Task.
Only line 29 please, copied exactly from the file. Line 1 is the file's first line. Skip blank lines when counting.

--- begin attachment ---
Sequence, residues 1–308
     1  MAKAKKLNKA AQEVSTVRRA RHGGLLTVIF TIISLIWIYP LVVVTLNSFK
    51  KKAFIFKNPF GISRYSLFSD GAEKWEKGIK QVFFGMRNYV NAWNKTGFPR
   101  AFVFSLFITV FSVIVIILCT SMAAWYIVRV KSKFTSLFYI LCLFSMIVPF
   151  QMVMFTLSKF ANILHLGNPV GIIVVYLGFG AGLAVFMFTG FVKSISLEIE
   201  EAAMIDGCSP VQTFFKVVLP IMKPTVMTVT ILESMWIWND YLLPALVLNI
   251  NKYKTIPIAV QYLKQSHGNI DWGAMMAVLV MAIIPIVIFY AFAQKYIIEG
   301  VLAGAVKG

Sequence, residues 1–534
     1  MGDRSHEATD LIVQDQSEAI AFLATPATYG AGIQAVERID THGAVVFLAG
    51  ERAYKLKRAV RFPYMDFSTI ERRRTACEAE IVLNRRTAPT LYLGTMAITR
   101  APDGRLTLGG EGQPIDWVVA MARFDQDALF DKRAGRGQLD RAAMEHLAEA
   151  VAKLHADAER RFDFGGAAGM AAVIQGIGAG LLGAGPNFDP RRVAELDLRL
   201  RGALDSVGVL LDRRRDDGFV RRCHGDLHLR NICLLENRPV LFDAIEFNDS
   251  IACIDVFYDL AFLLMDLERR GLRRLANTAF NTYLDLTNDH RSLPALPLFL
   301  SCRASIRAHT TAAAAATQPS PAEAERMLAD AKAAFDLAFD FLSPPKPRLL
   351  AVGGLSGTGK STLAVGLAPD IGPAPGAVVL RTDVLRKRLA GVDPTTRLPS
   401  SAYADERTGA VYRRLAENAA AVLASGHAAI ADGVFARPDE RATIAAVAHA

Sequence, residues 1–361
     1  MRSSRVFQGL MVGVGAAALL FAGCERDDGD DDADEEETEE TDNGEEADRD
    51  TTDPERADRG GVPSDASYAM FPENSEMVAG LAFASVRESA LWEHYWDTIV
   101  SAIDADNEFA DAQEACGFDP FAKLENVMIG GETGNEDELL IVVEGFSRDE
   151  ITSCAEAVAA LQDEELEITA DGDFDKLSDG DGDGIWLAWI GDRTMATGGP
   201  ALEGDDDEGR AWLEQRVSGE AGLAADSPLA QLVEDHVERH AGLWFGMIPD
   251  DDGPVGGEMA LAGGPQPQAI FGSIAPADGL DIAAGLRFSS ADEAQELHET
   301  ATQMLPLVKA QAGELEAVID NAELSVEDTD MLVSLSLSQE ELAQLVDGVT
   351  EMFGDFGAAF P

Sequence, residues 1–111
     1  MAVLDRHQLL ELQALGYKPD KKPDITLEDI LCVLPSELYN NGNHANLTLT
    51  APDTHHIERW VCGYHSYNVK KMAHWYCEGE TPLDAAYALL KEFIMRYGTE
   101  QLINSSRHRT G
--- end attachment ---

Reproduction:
     1  MAVLDRHQLL ELQALGYKPD KKPDITLEDI LCVLPSELYN NGNHANLTLT